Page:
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h. — < — — m BITS PROM BOOKS.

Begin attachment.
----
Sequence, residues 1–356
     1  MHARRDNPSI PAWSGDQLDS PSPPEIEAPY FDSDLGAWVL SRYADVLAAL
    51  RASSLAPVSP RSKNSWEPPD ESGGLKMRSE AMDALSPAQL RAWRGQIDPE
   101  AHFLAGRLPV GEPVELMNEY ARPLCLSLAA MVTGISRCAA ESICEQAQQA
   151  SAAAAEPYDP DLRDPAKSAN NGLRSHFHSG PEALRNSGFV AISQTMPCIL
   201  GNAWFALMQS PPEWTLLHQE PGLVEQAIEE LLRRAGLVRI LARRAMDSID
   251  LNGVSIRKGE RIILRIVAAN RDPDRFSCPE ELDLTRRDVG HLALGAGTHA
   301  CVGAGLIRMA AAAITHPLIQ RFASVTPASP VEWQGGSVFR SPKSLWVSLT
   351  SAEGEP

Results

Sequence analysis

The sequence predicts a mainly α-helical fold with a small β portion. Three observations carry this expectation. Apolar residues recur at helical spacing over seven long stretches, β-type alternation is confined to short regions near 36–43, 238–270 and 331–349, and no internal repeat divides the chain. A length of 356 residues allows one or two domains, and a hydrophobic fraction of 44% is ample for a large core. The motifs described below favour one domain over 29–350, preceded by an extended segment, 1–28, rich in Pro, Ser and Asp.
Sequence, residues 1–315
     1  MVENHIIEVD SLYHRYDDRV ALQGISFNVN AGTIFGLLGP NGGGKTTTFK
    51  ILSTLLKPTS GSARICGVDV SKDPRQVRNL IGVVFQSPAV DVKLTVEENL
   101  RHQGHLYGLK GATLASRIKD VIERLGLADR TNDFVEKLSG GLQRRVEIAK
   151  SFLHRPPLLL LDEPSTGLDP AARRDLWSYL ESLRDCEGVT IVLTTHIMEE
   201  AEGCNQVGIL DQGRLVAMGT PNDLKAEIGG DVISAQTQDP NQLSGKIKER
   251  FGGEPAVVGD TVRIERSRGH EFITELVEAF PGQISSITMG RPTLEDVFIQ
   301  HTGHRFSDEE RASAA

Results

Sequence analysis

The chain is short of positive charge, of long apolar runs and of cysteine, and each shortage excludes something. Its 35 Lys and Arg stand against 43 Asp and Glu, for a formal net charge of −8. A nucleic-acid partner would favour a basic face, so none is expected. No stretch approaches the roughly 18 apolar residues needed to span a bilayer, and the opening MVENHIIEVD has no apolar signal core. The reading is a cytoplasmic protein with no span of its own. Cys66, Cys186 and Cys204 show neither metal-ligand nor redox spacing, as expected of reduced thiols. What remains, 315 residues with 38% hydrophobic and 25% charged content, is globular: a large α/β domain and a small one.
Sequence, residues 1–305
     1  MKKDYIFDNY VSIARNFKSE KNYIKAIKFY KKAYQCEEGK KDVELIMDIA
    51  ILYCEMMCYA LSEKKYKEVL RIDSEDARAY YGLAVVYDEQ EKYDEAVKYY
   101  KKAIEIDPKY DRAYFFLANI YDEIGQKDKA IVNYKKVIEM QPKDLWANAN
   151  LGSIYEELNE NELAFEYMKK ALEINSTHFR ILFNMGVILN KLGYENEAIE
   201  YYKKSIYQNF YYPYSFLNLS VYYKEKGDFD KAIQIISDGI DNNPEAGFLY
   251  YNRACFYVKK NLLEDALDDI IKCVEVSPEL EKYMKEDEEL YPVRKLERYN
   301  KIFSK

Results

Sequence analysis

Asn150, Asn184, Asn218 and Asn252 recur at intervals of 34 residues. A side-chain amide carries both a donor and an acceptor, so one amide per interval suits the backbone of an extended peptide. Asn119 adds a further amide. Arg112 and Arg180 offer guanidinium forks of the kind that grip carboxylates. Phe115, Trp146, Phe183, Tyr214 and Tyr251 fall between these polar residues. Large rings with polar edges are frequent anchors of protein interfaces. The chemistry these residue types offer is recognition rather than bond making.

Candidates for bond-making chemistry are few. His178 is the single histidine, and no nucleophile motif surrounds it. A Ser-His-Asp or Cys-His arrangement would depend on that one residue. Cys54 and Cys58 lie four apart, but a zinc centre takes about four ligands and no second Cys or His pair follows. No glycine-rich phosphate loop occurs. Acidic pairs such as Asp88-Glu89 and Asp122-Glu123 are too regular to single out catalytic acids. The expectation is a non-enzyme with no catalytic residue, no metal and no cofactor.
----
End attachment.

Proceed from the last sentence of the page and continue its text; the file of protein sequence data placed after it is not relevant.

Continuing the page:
h. — < — — m BITS PROM BOOKS. »"• i'i ,.t I •" AE8T7LTS OF LtjnBjrr ptJNisniiffvra. ar Punishments, too, how contemptible they mast up" i V»W!l ferocious barbarians that incur them. deteeted stealing: lie look* to have hie lu chopped off; we lodge him in what he considers wwjrious retreat, where ho can eat.diink, smoke,and abuse i-% .rai1^ 'n plenary animal satisfaction. He appropriates • j* mend's spouse instead af perilling life or limb, he *uows that these benevolent foos, his rulers,will hang tiiO ^•band who haims him. 'Overheard blaspheming, a crime y>T which he would bo stoned to dwith luaid the ferocious .tation of his fellows, he now can laugh under our rale jMCruege i8 not a capital offence. He cc-mmits murder, and "lefcected he expects nothing but a horrible drath, to be i8,i>ended by the unities and chopped in two like a sheep rt up ia your butcher's tli' p, or to be flayed alive, one o the most excruciating tortures that human iugeuuity (1t:vised. He smiles when ha is told that he has only af R.l,S'e for an hour at the gallows without the prospect bfciisg left there to food (he crows, oi that he is riuip'y till S11Ot. without the preliminary of being basiinsdt^d V" sensation by s'.ow decrees is expelled his foira.—Sinai ■Btvtsitcd, d'C. Richard F. Burton. MENDELSSOHN AND HIS BROTHER A-TTST3. f f A very henutifnl feature in Mpinlelssohn," says his 'lend, Lsmpadius, "is bis treatment of other artists, par- «oulaily those nhote directicn differtd widtly from his wn. That ho should be on the kindest tcniis wiih such fts Moschetes, Rietz, and David, whose career ran in ,»*r'*Ilel course with his own. and who were, moreover, bis f'iends, is not nt all to bo wondered at. Yet it mild not seem surprinng if, with, the singleness of his de- •»Ti i" *° Pr°f°BS'on« and the intense earnestness with uicli he approachcd music, with the exactness—aud, per- il*^ I might say the ligid severity—of his self-discipline, j!* ,"ad turned away semewhat coldly from those whose *«e s course did not coincide with his own. Yet this wa« seldom the case. In his judgments on the efforts of itulg personally unknown to him, he was veiy careful and yet the play of his features was on excellent urometer of his feelings. The vast numbers of virtuoso* merit lies alone in their rapid execution, he bore with great patience. He did not refuse to acknowledge this of skill, while often pained to the soul at the ill- ™"c&tm«nt which great M»Me r pieces fcufiered at the hands 7* su5'h interpreters. But where s< u! md taste were %*ociated with the roeclmrieal talent, he was the first to ^xpress his satisfaction, and to speak Words of approbation, J\'t to such artists he was the kindest benefactor. ve of Felix Mendelssohn Bartholdy. W. A. Lampadins. "BE NATUBH OF CHRIST. Faith was ever at hand to restore the mental balance, •^ preserve the perfect haimotiy of His pure and trusting Tp'iitwith God. In this full and confiding communion with ved as the source Hiid principle *»f His whole moral being, 2T_ apprehend, tne tme divinity of Ohiist, tnd 'lie of that mingled reverence and love with which all «tiglous hearts have honoured Him. AH Epii'it is of one •*ture, though pOfBGsse.l ift various debtees. As partakers •» fPirlt, men are tile cfhildten of God. There is a measure Cfit-cottcsponding to the moral capacities cf hum. n;tiy, Jfttidi Christ alone, judging from the extant records >f His i» se(I?'i *° tilled up to its utmost limits, and so to y**e united our nature t»oraHy with the Divine. Thieugh Pun the Spirit of the Father spoki* c'taily snd intell'gibly wen, for it is only a pnrificd n.l exalted humauity that interpret the Divine Mind. Ir m Bim went forth the •PUit thatt drew men by the attracting symp ithies of faith love to thtlr Heavenly Fatter, and made them own J*1? Presence in the midst of them. And these jjuingt [philosophy, poetiy, art, science] have another diti- hi them Ihatr the life and doctrino of Chiist; that we e hamony of an entird ttiotnl being with ^T1 hnrtnorsy of its will, its affections, and its ^OieavcrUrs, with the holhies*, the rectitude; the tttrthful- wess, and the love of the g.eat Parent and Sovereign Mind the univera*. 1. all these things, Christ) was one with ifOd, and therefore it is thnt *e pi oroin co His work and /■jfe divioe.—Christian Asprcts of faith and Duty. J. J. differ. ones vpos A TOfB* ■■■ *'1- I j. Was it a thousand yesrsago •ftfj; V A little girl I ttsrf to ki.ffw, *«- Whose hair (the paper* did it. though) i ',t' was veiy ctfi'ly! 4* A jolly little irhap was she, Aud full of laughing, childish glee But now she shews that the can be A trifle surly. And ehe appr«*ehes middle age ..u {Vile phrase !), and grows extremely sag*, 4:.c Atid sometrmes flies into a rage V<: With old relations. v^: Tetl remetnber wen WIleD she Z"U ;• Was tossed to the ceiling, wild with glee, ''nr. Or liat upop a certain knee £ ■"«iWithout impatience. u- Well, life is long and love Is brief (Tlwugh love alone is life's relief), I. AaO Time's a very cruel thief, Ali joys deraeging. Yet, 'tw«re a pleasant deed of his, Atid ori«j I should not take amiss, To bring me now a child-like kiss Frcm lips unchanging ortimtr Cottins. Dublin University Magazine. Tflfi THEORY OF EYOtXTlON. Everyone must have been impressed by this marvel 'f marvels; an exceedingly minute portion of living matter, e", simple in aspect that a line will define it, passes by •Uocossive modifications into an oigaimm so complex that treatise is needed todesoiibe it. Not only do the c^lla ■t which the ovum and the spermatozoon originate pass 12'° a comP'ex orgmiism reproducing the forms and ■"Htureg of the parfnts, and with these the constitutional of the parents (ili«ir longevity, their dige*ses, •heir naoutal dispowtions.nay, tlieir verv tricks and h .bite), they may reproduce the form and features, the dis- positions and diseases,of a grandfather or greal-gi andfathcr, /Vhich had lain dormant in the father or mother. Consider for an instant what this in,plies: A microscopic cell of albuminous compounds, wliclly without trace of organs,not Appreciably distinguish dile fi om millions of other cells, Contains within It the p ;ssiLiTitis« of an oig inism so oam- Plex and as tp.:ci:>l as that of a Newton or a Napoleon. If Cv-1' therd was a case where tIll f mons Auiiitotelian notion a potential eiistenoe" seemed juhtifi.ed, assuredly it is tlll' And although we can only by fallacy maintain the o*Iv to be contained in the acorn, or the animal contained i" the cvum, the fallacy is so natural, and indeed so difficult uf t'Fcnpe, that there B no ground for uprise -hen physiologists, on first learning something of de- velopment, were fourd maininining that the p rfect ^rgaiiisiiT existed already in the ovum, hadng all its linfa- ^'tits in miniature, and only growing into^ visible dimensions through the successive stages of evolution. The Information of the .organism teemed an inevitable d<i!ucfcion from the opinions enco universal. It v.asaMerted tha.t the original germ of every species Cf ntained within it the countless individuals which in j'roctss of time might ,ssne from it. This, the celebrated emboitement" theory, Sa"'ed scientific acceptance because phj7siologists could not themselves t<> believe that so marvellous a structure that of the liumaa organism arose by a series cf ■Recessive modifications, or because they could not com- prehend how it was bnilj tjp, part by part,into forms so -*losely resembling the parent forms. —The Physical Basis •' Mind with Illustrations. George Henry Lewes. SIR WAT-TER BCOTF AND BIS DOGS. „ On visiting Ahhotsford in 1817, Washinglcii Irving en- 3^yed the pleasure of a ramble with Scott and his dogs, tQlS dosoiplion of the eocne is so an>u»ing that we oan *9;Ucsly at>ate a jot :—As we sallied forth, eveiy dog in *^e establiahroent tinned out to attar,d ns. There was the oIQlrl "tag}lOul.d, Maida, that I have already mentioned, a *» >ble animal; and Hamlet, the black greyhound, a wild thoughtless youngsier, not yet arrived at the years of dis- cretion and }inetlo a beautiful tetter, with soft silkec hair, long pendent ears, i'nd a mild eye,the parlour favour- A.W. When in front oi (he house, we were joined by a superannuated greyhound, who came from the kitchen Wr'fcging his tail; and was cheered by Scott as an old friend AlaI comrade. In our walks, he would frequently pause in to notice his degs, and speak to them as if National ccnipy».i ,i|» Hiid,iiidftd, there appears to be a vast deal of rationality in these faithful attendants on man, de- JiVe-d from their closo intimacy with him. Maida deported "iiestlf with a gravity becoming his age and size, and •efctned to consider himself called upon to preserve a great decree of dignity and dacoium inourscciety. As IIAjügged -.1.;¡¡g a little distance ahead cf us, the young dogs woOld gatiibol about him, leap on Lis neck, worry at his ears,and •Meavour to tea;.e bim iuto a gambol, The old dog would keep Oil fur a long ti:ne with imperturbable solemnity, How "u<1 thett teeming 10 rebuke the wantonness of his young At length he would make a sudden turn, •fclze one of thtrin, and tumble him in the dnst, then giving glanco at us, as ninch as to Say You see, &6iitl"men, I can't heltf giving way to this non- 1i(l!l;è,' Would resume his gravity, and jog on as lK:.futé. Scott amused bin sn'f with these peculi-1 *'ities. 'I ^aake no doubt: said he, when Maida is alone Jf;th tliese young dogs he throws gravity atide, and play« *'KS boy as roucli as &ny of tlie.n but he is as-immed to do in our company,and jefms to sa^ "Ha' done with yotir youngsters what will the laird and that otfber GfnUun pai think cf mc if I give way to such foolevy ?"' innused himself with the peculiarities t.f anothet of doss, a little th«mefacfcd ieniH, with large glassy eyes, *;•« ^f the most seniitiv<> little b'.dics to insult and indig- the woild. If ever he wbipvi^d him,' he siid, tin, little fellow would ehoak off and hide himself from t1le light uf day in it lamUii- garret, from whence there was •drawing hivu fprth but by the sbuud of the chopping- "fw, If eboi^.dng up hi* victuals, when he would steal -foili, vt ;fh hunii'iated and dow»»cai»t look, but would skulk r. • v if nny «HJ« regarded hilt!. While w« vfeto -i"g the humours and p cu'.inrities cLout 'i1l:01'1', wme objoct prtvoked their spleen, and pro- d-;c ,j a sharp abd peftiiVjit terViag ftota the smaller lrt; ''Ut it was 80\110 time before N.IIÜ.. \y¡,,8 suliicieutly roused \0. ramp forward two m lvcutids, and join the chorus Jith a deep mouthed boie-wow. It was but a transient out- and he r«tuv«rd instnntly, wagging his tall, and rip dubious y in his master's f*ce,uncertain whether Ba would receive censure or applause. 'Ay, ay, old boy I' •jr'fd JScotit, 'you have done wonders j you have shaken the ««<«dou hills with your roaring you may^ now lay bv your *»fcill«ry for the rest of the day. Maida, continued he, is like the great gun at Oonstjujttnople; it takes so long to g'" ready ttiat the smaller guus cau fire off a dozen til ^rst.—Chambers's Journal.